(London: Printed for John Stockdale, 1790). 220 x 132 mm. (8 3/4 x 5 1/4"). Two volumes. With a life of the author by George Chalmers. First Edition with these Illustrations.

Attractive marbled calf by Morrell (stamp-signed on verso of front free endpaper), covers with gilt French fillet border, central panel framed by double blind rules with oblique gilt floral sprays at corners, raised bands, spine panels with central gilt lozenge surrounded by blind tooling, two red morocco labels, densely gilt turn-ins, all edges gilt. Two engraved title pages, one engraved author portrait, and 14 full-page engraved plates (including two frontispieces), designed by Stothard and engraved by Meland. Lowndes I, 613; Brunet II, 566. ◆A little crackling to leather and minor flaking to joints (both no doubt related to the acid treatment of the calf), isolated trivial rust spots or marginal foxing, but quite an excellent copy--clean, fresh, and bright internally, in well-preserved bindings.

This is quite a clean and bright copy of a special edition of the classic adventure tale, with pleasing illustrations, an 80-page biography of Defoe, and a binding by a leading West End workshop. First published in 1719 and still beloved today, "Robinson Crusoe" is a tale of endurance and ingenuity in which a marooned seaman rises to the challenges of 28 years on a desert island, his solitude relieved only by the eventual appearance of the loyal native Friday. Publisher John Stockdale (ca. 1749-1814) was a former valet who rose to printing prominence with premises in Piccadilly. He was prosecuted in a famous trial of 1789 for libel after publishing Logan's "Review of the Charges against Warren Hastings," but acquitted in an important decision for freedom of the press, which led to the passage of the Libel Act of 1792. (This acquittal did not, however, prevent Stockdale from being fined £200 for libel in 1809.) The lively engravings are the work of one of the most prolific and popular illustrators of the 18th and 19th centuries. DNB says that Stothard (1755-1834) "illustrated almost the whole range of English literature with a taste that seldom failed and a sympathy that was often remarkable," attaining "a place which is second to none for invention and grace." Houfe says that "Stothard was by far the most successful and distinguished illustrator of his day," estimating that "his total contributions" were in excess of 5,000, "most of them figure subjects which the artist took from nature." He was a close friend of Blake, and his work often resembles that of his more famous colleague. In her "Modern Bookbindings" (1906), Prideaux says that Morrell at that time had a very large business that supplied "all the booksellers with bindings designed by his men," bindings that were "remarkable for their variety and merit."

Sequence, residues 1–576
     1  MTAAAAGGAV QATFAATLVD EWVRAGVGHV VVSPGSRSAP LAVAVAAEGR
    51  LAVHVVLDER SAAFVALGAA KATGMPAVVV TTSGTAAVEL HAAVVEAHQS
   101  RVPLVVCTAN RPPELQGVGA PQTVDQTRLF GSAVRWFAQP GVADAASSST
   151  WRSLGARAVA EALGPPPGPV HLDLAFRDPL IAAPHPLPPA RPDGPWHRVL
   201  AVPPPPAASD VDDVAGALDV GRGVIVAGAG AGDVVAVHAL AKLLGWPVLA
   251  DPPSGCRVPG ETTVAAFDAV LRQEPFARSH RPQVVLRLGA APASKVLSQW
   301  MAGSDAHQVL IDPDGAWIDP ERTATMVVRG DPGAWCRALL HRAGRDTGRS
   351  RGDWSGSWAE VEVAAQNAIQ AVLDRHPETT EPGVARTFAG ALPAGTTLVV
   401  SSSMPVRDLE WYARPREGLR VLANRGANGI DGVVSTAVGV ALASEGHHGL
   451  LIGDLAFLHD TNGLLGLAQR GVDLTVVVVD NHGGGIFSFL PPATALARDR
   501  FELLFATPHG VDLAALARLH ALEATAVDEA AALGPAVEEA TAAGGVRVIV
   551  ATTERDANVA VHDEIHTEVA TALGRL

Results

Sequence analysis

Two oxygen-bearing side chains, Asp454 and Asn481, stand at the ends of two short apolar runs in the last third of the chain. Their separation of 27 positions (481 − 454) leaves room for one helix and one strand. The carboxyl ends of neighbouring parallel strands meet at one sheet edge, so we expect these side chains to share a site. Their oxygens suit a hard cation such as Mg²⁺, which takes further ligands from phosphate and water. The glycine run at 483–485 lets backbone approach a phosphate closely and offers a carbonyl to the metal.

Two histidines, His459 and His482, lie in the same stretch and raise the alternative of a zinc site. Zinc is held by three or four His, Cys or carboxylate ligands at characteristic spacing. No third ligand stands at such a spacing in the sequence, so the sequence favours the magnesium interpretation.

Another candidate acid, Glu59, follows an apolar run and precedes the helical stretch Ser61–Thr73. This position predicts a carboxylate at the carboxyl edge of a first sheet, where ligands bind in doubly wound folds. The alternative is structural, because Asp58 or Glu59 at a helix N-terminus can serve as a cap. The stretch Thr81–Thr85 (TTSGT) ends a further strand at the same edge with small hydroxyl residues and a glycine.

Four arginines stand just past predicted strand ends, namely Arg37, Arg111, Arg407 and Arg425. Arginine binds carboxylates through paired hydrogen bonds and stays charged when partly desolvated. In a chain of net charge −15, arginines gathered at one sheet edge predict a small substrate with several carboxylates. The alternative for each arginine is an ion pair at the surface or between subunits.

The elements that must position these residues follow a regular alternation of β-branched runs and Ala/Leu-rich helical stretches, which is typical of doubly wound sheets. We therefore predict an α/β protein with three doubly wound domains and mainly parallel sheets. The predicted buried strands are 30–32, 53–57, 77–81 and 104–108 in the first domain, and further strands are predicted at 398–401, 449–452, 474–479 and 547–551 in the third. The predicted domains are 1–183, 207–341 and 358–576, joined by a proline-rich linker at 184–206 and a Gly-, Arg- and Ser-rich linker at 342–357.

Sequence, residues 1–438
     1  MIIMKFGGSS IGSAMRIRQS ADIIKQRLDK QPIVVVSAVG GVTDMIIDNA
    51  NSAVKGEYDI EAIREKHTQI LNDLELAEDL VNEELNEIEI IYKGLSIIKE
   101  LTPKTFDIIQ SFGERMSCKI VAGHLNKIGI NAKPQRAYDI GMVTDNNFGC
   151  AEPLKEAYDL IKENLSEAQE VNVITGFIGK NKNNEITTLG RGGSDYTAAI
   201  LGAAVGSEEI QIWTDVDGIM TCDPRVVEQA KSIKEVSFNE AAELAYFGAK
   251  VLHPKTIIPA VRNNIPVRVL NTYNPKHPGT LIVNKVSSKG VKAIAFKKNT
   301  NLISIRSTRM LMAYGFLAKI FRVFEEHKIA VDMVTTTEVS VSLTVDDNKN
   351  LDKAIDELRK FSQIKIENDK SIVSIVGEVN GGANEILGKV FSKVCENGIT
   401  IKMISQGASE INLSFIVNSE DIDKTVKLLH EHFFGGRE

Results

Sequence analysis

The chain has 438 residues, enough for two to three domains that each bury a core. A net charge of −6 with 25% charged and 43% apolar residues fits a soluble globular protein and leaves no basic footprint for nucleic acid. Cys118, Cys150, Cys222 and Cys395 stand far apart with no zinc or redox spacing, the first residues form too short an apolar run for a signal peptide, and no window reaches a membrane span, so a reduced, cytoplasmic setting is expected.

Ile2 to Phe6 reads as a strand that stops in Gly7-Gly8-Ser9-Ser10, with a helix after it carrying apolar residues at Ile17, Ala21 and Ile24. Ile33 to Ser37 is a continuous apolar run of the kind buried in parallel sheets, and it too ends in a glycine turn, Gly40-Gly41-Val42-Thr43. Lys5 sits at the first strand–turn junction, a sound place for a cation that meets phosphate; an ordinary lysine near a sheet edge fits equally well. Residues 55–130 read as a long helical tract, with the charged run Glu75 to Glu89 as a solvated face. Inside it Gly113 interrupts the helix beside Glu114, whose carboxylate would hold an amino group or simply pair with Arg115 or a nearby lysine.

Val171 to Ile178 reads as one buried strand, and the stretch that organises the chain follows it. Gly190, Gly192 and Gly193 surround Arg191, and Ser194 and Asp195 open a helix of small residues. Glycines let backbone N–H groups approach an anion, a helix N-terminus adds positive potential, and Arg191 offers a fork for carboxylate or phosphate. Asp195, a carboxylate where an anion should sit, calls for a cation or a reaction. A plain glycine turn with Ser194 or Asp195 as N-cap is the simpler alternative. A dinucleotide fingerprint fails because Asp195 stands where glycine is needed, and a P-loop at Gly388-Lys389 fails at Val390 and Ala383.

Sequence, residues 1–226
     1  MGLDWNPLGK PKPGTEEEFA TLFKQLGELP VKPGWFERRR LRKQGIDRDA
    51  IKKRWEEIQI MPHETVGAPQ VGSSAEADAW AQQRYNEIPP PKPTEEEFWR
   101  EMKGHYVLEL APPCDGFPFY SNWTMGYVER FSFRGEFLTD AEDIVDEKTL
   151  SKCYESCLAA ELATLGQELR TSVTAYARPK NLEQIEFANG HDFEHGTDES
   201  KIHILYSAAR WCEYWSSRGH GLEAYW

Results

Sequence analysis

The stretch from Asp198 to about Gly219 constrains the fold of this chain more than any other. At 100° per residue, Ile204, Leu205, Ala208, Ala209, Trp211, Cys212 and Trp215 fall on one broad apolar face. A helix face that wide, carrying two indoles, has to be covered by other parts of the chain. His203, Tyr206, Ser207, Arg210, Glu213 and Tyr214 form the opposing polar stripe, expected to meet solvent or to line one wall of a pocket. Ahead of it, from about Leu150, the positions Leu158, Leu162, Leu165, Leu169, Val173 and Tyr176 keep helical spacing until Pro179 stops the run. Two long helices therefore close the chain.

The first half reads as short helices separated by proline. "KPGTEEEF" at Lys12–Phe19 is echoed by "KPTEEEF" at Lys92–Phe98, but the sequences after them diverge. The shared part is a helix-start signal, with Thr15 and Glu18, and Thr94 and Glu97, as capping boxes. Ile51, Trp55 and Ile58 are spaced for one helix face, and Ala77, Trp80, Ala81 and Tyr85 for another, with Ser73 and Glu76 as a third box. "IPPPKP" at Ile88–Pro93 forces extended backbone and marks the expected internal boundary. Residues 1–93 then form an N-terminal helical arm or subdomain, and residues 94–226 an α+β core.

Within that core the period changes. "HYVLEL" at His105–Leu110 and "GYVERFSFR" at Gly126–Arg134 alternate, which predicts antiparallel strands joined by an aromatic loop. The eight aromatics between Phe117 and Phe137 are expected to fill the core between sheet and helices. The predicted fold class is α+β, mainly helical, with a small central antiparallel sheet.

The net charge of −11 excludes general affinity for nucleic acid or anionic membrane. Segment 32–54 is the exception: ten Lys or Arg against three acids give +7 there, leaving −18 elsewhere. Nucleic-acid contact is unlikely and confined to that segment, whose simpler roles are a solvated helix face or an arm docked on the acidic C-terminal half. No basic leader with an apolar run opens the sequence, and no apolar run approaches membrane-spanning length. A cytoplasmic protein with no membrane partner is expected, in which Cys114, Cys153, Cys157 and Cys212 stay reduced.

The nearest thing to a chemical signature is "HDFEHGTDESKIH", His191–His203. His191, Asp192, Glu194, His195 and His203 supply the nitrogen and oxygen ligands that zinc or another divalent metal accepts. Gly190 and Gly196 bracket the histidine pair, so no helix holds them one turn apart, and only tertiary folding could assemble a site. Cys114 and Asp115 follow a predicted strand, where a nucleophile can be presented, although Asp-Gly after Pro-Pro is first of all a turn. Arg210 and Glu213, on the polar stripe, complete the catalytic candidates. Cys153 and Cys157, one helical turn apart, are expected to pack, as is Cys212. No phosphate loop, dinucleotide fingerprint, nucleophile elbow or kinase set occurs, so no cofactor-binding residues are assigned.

Price: $950.00